E.K. Moidu, J.
1. This Civil Revision Petition by a creditor arises from an insolvency proceeding wherein one deceased Mathai Chandy was sought to be adjudicated upon as an insolvent. The petitioner obtained two decrees of about Rs. 50,000/- against Mathai Chandy, whose sons and daughters-in-law are respondents before this Court. Within three months before the filing of the Insolvency Petition Mathai Chandy assigned away a decree which he had obtained against a third party for about Rs. 8500/- in favour of the respondents for a nominal sum of Rs. 500/- with a view to defeat or delay the rights of the petitioner. So alleging the conduct of Mathai Chandy as an act of insolvency the aforesaid petition was filed before the Subordinate Judge but that petition was dismissed on 31-8-1965. As against the order of dismissal, an appeal was filed before the District Court, Kottayam. on 14-2-1966. There was a delay of 31 days in filing the said appeal. So a petition was also filed under Section 5 of the Limitation Act to condone the delay. The learned Additional District Judge on appreciation of evidence, found that there was no sufficient ground to excuse the delay. The delay petition was therefore dismissed, with the result that the appeal was also dismissed as it was barred by limitation. The present revision is filed against the dismissal of the appeal contending that the lower appellate Court was not correct in dismissing the petition to condone the delay, that there was sufficient ground to allow that petition and that accordingly the order of the lower Court should be set aside sending back the appeal to that Court for dis-posal on merits in accordance with law.
2. The question that has firstly to be decided in this revision petition is whether it is within the Jurisdiction of the High Court to interfere in revision with the finding of the learned Additional District Judge that there was no sufficient ground to condone the delay caused in filing the appeal before the lower appellate Court.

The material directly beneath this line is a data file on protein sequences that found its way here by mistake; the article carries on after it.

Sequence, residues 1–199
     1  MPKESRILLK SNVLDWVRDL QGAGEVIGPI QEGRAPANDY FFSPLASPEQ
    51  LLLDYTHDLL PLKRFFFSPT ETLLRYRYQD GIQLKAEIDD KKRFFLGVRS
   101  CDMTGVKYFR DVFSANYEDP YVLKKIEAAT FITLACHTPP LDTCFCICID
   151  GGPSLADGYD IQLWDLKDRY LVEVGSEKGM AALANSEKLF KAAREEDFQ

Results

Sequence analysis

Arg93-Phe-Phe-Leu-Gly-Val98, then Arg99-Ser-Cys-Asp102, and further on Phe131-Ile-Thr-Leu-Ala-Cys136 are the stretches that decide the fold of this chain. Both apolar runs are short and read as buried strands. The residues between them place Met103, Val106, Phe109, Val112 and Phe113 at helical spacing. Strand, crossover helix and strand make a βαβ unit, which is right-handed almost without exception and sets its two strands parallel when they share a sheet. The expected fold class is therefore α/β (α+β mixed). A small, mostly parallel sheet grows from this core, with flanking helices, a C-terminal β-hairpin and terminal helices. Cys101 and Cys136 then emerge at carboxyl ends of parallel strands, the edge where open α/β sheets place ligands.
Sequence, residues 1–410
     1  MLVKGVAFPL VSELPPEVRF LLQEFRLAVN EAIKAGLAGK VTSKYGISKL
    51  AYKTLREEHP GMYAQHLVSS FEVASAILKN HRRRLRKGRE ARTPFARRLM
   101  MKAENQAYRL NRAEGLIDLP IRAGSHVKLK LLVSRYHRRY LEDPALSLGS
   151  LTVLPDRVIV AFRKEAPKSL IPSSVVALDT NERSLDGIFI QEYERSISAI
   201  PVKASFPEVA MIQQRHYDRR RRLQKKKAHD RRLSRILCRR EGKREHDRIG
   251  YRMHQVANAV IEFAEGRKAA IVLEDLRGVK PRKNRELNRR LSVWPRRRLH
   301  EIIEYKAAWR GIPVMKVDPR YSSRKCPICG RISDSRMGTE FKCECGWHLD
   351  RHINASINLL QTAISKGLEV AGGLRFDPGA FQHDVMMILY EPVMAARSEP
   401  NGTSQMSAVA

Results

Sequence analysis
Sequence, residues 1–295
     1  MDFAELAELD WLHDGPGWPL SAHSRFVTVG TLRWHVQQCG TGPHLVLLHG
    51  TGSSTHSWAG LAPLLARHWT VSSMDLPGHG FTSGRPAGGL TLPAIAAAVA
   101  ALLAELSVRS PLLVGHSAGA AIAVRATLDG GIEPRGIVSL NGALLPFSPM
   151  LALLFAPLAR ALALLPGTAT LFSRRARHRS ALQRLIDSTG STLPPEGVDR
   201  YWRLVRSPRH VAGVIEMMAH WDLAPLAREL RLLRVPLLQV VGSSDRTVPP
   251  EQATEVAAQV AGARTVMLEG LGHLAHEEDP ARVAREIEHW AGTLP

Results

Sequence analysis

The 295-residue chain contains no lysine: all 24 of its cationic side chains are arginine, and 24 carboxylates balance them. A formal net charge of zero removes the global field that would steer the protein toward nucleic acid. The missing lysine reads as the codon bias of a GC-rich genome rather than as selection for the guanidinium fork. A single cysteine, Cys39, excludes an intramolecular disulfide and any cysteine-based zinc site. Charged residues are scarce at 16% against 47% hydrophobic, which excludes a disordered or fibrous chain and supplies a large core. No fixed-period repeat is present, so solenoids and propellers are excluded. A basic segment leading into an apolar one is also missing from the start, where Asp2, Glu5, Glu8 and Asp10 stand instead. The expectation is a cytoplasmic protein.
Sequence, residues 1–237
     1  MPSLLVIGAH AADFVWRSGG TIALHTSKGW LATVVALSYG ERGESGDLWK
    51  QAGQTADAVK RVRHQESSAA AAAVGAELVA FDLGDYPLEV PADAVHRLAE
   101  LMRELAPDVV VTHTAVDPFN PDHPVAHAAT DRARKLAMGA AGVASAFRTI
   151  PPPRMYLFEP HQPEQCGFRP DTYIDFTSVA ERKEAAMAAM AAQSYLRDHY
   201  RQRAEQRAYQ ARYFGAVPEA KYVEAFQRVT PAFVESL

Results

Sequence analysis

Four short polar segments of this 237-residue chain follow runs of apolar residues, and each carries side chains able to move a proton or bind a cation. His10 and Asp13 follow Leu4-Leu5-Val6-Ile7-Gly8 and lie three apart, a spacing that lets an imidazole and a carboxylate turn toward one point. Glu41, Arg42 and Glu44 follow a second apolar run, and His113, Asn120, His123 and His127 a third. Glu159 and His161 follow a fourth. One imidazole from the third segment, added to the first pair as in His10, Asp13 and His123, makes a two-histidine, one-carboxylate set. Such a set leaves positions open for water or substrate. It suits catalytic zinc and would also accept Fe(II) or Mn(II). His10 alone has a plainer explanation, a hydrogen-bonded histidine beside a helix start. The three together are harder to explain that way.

3. It is clear that the distinction between an appeal and a revision is a real one. The right of appeal carries with it a right of re-hearing on law as well as on fact, unless any particular statute provides anything to the contrary. Under Section 115 Civil P. C. any way. the High Court's power in revision is limited to see whether in a case decided there has been an assumption of jurisdic-tion where none existed, or a refusal of jurisdiction where it did. or there has been material irregularity or illegality in the exercise of that jurisdiction. That right is limited to jurisdiction and jurisdiction alone. The decision of the lower appellate Court in this case is based upon a conclusion of facts established in the case. In this regard, reference may be made to the often quoted decision in Manindra Land and Building Corporation Ltd. v. Bhutnath Banerjee. AIR 1964 SC 1336. That decision considered the scope of Section 115, Civil P. C. On questions of fact where a conclusion is arrived at by the lower appellate Court on the basis of Section 5 of the Limitation Act. It is pointed out that the question whether there was sufficient cause is exclusively within the jurisdiction of the Court and the Court can decide it rightly or wronp-ly. In that particular case, the plaintiff was prevented by sufficient cause from continuing the suit after the death of the original plaintiff, and sufficient cause having been shown, the lower appellate Court allowed the application and set aside the abatement of the suit. The High Court interfered with that finding of the lower appellate Court and held that the plaintiff had entirely failed to make out any good cause for the delay. It is in this connection that the Supreme Court said that the trial Court had jurisdiction to determine whether there was sufficient cause for the plaintiff for not making the application for setting aside the abatement in tune, and if so satisfied to admit it, and the High Court fell in error in interfering with that finding of fact. In the light of the above decision, the finding of fact by the lower appellate Court that the petitioner did not establish sufficient ground to condone the delay cannot be set aside in revision. The lower appellate Court examined the Managing Director of the petitioner as P. W. 1 and the effect of an affidavit produced on its behalf from its Advocate was also taken into consideration. The learned Additional District Judge found that the facts set out in the Advocate's affidavit were not made a ground for excusing the delay in the petitioner's affidavit filed in support of the condonation application. The learned Additional District Judge was not satisfied of the bona fides of the revision petitioner. The finding of fact so arrived at by the learned Additional District Judge is conclusive between the parties.